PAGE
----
During the negotiations, various types of information (messages) are communicated: offers and motives of both parties, information about alternatives and outcomes, social accounts, etc. However, “the more diverse the goals of the parties, the greater the likelihood that distortions and errors in communication will occur” (Lewicki, 2010, p. 175). In order to avoid these errors, the negotiators must make use of communication and persuasion techniques designed to improve negotiating effectiveness.

These techniques presuppose using verbal and non-verbal communication. Thus, in order to make speech more “influential” and persuasive, the speaker should use rhetorical questions to attract attention to the most important factors. Maintain communication with the audience or opponent while asking question involving him/her into communication. Listening is crucial factor of successful communication. Demonstrating to the opponent your attention and involvement, one gains the other’s respect.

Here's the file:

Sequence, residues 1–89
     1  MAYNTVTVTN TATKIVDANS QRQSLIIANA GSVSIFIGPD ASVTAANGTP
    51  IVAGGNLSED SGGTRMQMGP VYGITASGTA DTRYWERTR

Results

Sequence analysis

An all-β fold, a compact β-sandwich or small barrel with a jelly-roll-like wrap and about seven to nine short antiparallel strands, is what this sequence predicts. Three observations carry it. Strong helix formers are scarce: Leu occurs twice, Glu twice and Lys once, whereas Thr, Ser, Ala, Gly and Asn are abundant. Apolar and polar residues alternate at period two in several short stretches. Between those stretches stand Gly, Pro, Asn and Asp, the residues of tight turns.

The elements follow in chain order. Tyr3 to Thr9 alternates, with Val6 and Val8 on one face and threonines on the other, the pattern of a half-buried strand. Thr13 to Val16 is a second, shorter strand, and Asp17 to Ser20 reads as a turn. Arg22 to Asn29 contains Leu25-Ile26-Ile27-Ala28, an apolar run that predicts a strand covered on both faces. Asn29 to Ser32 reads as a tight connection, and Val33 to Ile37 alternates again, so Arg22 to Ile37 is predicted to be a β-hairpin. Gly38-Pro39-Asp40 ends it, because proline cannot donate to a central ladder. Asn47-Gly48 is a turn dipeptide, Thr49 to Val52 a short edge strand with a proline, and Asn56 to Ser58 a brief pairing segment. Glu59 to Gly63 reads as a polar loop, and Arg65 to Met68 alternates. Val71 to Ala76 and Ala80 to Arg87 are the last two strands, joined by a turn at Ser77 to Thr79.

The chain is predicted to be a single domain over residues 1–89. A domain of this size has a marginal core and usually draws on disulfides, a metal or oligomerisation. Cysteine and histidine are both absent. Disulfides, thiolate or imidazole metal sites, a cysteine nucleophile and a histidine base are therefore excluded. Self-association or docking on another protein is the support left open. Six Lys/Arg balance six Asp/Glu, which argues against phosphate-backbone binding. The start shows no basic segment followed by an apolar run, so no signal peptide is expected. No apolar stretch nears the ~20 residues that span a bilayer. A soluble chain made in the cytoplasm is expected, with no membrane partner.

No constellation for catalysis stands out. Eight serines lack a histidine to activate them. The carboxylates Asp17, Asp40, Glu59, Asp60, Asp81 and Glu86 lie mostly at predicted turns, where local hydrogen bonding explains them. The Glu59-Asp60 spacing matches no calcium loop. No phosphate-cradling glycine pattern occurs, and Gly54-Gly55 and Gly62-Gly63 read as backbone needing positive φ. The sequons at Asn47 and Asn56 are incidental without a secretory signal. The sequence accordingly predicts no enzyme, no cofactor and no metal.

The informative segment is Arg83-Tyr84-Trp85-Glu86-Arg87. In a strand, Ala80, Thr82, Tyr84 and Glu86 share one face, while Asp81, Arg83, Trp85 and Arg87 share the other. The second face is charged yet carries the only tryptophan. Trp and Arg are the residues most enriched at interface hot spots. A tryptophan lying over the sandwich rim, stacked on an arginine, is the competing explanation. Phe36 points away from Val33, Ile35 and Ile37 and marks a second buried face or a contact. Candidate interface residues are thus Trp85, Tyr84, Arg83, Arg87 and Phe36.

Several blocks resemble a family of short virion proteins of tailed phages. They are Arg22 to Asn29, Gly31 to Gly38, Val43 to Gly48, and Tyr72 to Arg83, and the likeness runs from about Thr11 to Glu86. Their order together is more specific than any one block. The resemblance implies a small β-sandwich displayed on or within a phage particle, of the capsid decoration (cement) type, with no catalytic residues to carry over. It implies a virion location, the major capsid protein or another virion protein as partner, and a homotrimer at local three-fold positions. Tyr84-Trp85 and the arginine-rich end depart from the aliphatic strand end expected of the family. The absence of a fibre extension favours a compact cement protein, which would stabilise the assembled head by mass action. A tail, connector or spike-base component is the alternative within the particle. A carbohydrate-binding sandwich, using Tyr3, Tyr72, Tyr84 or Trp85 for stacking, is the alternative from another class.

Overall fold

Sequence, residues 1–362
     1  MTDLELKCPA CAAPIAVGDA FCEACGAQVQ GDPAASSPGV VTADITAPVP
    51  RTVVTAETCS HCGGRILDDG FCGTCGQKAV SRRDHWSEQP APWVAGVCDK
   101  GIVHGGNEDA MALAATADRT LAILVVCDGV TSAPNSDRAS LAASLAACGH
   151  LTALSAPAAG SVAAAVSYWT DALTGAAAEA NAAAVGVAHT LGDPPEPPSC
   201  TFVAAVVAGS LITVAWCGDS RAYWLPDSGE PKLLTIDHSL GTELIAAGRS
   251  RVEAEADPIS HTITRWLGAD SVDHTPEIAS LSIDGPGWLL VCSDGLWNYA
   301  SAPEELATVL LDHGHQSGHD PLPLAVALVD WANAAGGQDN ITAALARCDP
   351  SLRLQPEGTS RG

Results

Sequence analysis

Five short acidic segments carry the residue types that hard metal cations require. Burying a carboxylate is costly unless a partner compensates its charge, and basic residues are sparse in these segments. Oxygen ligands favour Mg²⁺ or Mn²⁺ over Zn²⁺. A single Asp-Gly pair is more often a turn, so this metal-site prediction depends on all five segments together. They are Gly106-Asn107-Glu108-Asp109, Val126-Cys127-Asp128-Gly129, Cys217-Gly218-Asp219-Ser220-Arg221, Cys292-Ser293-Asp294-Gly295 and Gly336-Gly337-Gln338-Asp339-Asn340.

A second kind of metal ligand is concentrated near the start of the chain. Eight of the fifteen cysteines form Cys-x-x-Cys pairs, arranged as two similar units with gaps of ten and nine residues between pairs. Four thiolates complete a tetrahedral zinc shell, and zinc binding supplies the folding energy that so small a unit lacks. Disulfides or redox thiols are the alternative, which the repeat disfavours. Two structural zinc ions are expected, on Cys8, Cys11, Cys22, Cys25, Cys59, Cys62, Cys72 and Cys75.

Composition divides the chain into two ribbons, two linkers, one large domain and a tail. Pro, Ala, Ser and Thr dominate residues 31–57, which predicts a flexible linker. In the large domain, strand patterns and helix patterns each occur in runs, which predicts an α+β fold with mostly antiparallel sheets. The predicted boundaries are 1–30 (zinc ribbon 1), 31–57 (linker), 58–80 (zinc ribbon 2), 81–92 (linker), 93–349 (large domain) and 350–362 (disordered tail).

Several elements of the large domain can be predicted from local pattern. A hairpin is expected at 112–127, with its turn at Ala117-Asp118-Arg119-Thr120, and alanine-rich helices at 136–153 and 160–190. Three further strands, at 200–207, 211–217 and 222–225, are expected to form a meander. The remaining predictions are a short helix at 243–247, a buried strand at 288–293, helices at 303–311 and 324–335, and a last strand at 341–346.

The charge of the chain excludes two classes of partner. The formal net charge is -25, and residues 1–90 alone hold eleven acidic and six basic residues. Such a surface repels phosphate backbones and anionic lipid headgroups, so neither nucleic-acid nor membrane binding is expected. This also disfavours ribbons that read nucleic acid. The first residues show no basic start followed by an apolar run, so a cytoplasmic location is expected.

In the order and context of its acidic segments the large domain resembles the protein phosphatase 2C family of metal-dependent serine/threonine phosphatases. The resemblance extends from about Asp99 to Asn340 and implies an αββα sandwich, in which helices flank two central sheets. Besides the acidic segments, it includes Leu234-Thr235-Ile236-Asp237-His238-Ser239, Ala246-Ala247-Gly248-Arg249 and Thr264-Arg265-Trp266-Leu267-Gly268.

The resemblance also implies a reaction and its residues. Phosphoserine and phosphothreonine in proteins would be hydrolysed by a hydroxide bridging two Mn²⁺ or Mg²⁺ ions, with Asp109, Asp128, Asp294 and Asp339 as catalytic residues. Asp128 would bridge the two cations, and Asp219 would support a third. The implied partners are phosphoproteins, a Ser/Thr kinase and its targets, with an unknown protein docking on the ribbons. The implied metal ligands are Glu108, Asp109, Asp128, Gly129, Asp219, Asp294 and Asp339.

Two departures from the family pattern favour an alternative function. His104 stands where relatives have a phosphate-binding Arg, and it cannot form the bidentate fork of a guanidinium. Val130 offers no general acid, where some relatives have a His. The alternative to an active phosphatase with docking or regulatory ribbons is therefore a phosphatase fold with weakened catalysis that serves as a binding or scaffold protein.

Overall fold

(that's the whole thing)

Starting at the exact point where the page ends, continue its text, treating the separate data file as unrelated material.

The listening should be active, thus the emphasis should be done on listening, the respond should be done on specific ideas, the listener should follow the speaker and not focus attention on the listener’s point of view. (Lewicki, 2010, p. 194). Role reversal is the last component which serves “a useful tool for improvement communication”. A great role of the non-verbal communication, such as emotions, gestures, eye expression and pauses during negotiations (“Key Aspects of Communication in Negotiation”). All these aspects should be considered by both parties which seek for the successful outcome of negotiations.

References List

Alfredson, T.,& Cungu, A. (2008). Negotiation Theory and Practice: A Review of the Literature. Web.

Key Aspects of Communication in Negotiation”. Web.

Lewicki, R, Saunders, D, & Barry, B. (2010). Negotiation. 6th Ed. New York: McGraw-Hill Higher Education.

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Morak, D. (2009). Cooperative Negotiation. Norderstedt: GRIN Verlag.

Sharma V. (2007). Conflict and Negotiations. Web.